Words by Dejha Carrington
There are a few pivotal moments and relationships that have anchored my Miami experience, which over the past 10 years, has included everything from bodycon and a tattoo artist named Diamond, to art parties and trail runs at Oleta River.
Working with Primary Projects has been one such experience. We were lucky to find each other one early autumn in 2009, in preparation for Primary’s first gallery show at ArtCenter/South Florida during Basel. Since, we have together catapulted into new dimensions, in constant search of alternative platforms, compelling narratives and cool shit.
Primary has now had its own space for several years, and brings a fresh perspective to contemporary art coming out of Miami. And not Miami as in a provincial town that lives in the shadows of national attention during off-season, but this place as a unique breeding ground for creatives that are using site, relevance and experience as departure points in a much broader, human context.
MAN MADE | A CONVERSATION ACROSS DISCIPLINES, GALLERIST/CURATOR
Meet Books IIII Bischof, founder of Downtown Miami-based contemporary gallery Primary Projects. He runs Primary with partners, Cristina Gonzalez and Typoe.
Dejha Carrington: As one of three curators, what role have you taken in shaping the identity of Primary?
Books Bischof: Lately, my focus has been on positioning and education. Collectively, we believe that the gallery model most people are familiar with is outdated. We are spending more time learning about alternatives in the growth of our business, as well as new approaches to curatorial practices. Artist development is always a priority, but to make the kind of strides we aspire to achieve, we are heavily focused on reinventing ourselves, our brand, and how we work with our artists.
DC: The launch of International Friendship Exhibition – a name appropriated from Kim Jong Il’s North Korean pavillions – coincided with much of the Sony drama, which, in many ways, questioned how far is too far with freedom of speech (if there is such a thing). What is the artist/curator’s responsibility in this highly politicized environment?
BB: Artists, curators, or simply creatives, have always utilized their practice as a platform for voice. We have a responsibility as humans to contribute to the conversation in some capacity or another.
International Friendship Exhibition was an opportunity to bring together a group of like-minded individuals to open up dialogue about the state of the world. This is the project’s first incarnation, inspired by an existing collection of objects that are centered around a culture/regime of higher controversy. One has described it all to be an exercise in contradiction.
In the words of Abbie Hoffman, “Free speech means the right to yell ‘theatre’ in a crowded fire.”
DC: Appropriating exhibition names has been a running theme at Primary.
BB: We find inspiration through research, conversation, more research, and more conversation.
When we appropriate a name, we’re utilizing it as a tool of discovery. It’s similar to how Quentin Tarantino may briefly show the title of a book at a key moment in his films: we’re inviting our viewers to learn more about our curatorial voice through the power of suggestion.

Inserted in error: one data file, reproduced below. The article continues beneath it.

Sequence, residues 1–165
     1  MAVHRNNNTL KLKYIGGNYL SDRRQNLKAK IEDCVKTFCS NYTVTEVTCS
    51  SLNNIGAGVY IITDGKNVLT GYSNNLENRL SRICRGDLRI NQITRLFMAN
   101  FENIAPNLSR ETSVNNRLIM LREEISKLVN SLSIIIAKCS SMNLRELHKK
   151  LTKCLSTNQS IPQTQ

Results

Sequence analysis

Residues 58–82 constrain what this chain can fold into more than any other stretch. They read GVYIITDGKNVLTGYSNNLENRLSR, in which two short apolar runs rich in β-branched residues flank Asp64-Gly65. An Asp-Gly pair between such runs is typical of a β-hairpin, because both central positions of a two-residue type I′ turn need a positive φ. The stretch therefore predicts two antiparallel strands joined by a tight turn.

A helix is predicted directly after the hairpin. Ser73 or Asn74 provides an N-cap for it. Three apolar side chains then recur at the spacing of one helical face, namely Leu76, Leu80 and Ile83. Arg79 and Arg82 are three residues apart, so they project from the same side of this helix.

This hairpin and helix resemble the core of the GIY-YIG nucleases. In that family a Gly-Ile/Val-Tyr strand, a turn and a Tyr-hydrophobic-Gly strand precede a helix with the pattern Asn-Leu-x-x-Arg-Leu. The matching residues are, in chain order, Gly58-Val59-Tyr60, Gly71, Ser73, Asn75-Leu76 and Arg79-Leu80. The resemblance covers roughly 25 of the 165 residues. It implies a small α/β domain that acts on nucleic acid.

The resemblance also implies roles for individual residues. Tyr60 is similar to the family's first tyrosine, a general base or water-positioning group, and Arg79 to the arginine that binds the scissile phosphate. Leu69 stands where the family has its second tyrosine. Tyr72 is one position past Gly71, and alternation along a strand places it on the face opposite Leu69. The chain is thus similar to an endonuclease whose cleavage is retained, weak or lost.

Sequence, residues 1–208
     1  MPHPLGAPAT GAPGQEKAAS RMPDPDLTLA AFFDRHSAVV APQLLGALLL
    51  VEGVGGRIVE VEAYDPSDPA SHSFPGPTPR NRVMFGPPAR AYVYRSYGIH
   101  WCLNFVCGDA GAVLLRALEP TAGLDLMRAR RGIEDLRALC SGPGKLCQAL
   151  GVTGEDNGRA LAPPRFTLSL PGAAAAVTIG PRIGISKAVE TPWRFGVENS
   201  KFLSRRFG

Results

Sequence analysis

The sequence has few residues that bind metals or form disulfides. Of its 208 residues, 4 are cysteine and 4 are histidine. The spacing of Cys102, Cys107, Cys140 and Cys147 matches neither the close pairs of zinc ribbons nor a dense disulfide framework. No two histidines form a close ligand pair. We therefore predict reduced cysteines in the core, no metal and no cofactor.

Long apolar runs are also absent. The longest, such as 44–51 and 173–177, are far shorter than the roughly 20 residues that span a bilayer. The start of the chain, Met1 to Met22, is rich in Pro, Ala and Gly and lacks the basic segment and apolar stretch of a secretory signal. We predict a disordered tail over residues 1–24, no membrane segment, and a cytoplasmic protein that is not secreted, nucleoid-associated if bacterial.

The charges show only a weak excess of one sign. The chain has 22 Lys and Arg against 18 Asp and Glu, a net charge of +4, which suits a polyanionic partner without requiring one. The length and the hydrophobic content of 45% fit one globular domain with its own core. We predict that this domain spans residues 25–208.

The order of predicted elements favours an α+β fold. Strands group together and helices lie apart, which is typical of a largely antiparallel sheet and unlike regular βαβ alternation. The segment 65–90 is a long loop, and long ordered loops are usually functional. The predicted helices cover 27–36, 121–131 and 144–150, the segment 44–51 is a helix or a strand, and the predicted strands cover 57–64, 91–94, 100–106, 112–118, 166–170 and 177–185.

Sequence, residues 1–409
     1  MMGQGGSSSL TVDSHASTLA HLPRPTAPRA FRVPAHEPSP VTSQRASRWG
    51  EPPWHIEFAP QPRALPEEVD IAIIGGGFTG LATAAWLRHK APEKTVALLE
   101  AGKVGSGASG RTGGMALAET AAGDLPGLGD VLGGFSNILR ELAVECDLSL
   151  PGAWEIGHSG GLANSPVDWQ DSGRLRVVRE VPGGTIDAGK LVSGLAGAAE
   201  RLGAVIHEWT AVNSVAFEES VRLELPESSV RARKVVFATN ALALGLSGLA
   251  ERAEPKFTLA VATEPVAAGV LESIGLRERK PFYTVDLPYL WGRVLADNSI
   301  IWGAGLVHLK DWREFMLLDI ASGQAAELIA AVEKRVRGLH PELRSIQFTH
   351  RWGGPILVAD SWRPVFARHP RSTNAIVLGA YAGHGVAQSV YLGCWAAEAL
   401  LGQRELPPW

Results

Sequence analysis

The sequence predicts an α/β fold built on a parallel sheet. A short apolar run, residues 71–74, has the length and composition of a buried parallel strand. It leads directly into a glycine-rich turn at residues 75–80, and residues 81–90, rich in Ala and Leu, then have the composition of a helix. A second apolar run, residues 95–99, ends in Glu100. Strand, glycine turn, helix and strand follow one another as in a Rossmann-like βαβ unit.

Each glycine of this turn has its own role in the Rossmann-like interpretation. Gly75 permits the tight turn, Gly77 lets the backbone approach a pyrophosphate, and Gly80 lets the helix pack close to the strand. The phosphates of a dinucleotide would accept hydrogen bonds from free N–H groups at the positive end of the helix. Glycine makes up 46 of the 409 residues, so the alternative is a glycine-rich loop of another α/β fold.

This idea also works both ways when it comes to how search engines like Google. Maybe the user is interested in learning about mega-art-dealing family Wildenstein [in reference to Primary’s 2011 exhibit, Here Lies Georges Wildenstein, and instead, discovers our project online with the appropriation of their family name.
DC: We often talk about how few art critics are based in Miami. What does the rest of the country/world need to know about what’s happening in our city right now?
BB: The power of a young artist is the freedom to truly do whatever they want. That developmental period is exciting: it’s raw, experimental, and is the perfect moment to invest in the talent of that young artist. Similarly, Miami IS this young artist on the verge of coming into its own.
The world knows that there are various types of investments here; the artist is one of them, and like in any investment situation, those that get in at key moments stand to gain the most.
DC: Is the local market sufficiently a buying market to sustain Miami’s art industry?
BB: That’s a loaded question. I’ve heard various arguments. “We need better education, more MFA programs”, “We need a better breeding ground for collectors”, “We need critical writing”…
Sure, why not? We need it all, right? Our artist Kenton Parker says “I’ll see it when I believe it” and Primary believes that market is only going to get stronger. What is awesome about Miami, is that it’s going to be whatever we want it to be.
DC: How do you choose the artists you want to work with? What’s the process?
BB: It is all relationship-based. Typically, we do not review portfolios sent to us unsolicited. Artists must be vouched for, through collectors, curators, artists, friends, or family.
We have learned over the years that an artist talent needs to ultimately be backed by a strong work ethic, not just in the studio, but in how they approach the ongoing performance piece that is their life.
DC: International Friendship Exhibition closes February 28. What’s next?
BB: In Miami, Primary is working on a group exhibit inspired by specific basics of art history, and we are also working towards solo exhibitions with Andrew Nigon, Alex Sweet, and Karen Starosta-Gilinski.
Oustide of Miami, “We shall not cease from exploration, and the end of all our exploring will be to arrive where we started and know the place for the first time.” – T.S. Eliot